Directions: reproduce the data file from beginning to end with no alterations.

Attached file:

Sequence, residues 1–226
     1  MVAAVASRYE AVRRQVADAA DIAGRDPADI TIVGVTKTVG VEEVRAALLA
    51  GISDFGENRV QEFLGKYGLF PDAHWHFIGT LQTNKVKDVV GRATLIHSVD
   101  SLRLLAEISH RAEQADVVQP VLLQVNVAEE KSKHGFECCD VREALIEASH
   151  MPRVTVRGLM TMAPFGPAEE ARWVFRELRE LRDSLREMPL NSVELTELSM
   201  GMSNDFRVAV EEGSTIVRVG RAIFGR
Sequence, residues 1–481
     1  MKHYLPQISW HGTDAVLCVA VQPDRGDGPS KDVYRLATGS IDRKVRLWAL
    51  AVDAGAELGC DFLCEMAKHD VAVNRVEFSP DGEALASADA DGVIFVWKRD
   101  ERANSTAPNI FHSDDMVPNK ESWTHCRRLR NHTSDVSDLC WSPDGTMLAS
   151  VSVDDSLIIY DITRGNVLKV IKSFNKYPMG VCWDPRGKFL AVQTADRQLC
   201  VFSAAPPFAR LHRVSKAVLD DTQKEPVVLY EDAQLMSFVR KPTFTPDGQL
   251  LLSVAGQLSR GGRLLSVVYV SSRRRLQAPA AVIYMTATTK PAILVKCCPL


Sequence, residues 1–226
     1  MVAAVASRYE AVRRQVADAA DIAGRDPADI TIVGVTKTVG VEEVRAALLA
    51  GISDFGENRV QEFLGKYGLF PDAHWHFIGT LQTNKVKDVV GRATLIHSVD
   101  SLRLLAEISH RAEQADVVQP VLLQVNVAEE KSKHGFECCD VREALIEASH
   151  MPRVTVRGLM TMAPFGPAEE ARWVFRELRE LRDSLREMPL NSVELTELSM
   201  GMSNDFRVAV EEGSTIVRVG RAIFGR
Sequence, residues 1–481
     1  MKHYLPQISW HGTDAVLCVA VQPDRGDGPS KDVYRLATGS IDRKVRLWAL
    51  AVDAGAELGC DFLCEMAKHD VAVNRVEFSP DGEALASADA DGVIFVWKRD
   101  ERANSTAPNI FHSDDMVPNK ESWTHCRRLR NHTSDVSDLC WSPDGTMLAS
   151  VSVDDSLIIY DITRGNVLKV IKSFNKYPMG VCWDPRGKFL AVQTADRQLC
   201  VFSAAPPFAR LHRVSKAVLD DTQKEPVVLY EDAQLMSFVR KPTFTPDGQL
   251  LLSVAGQLSR GGRLLSVVYV SSRRRLQAPA AVIYMTATTK PAILVKCCPL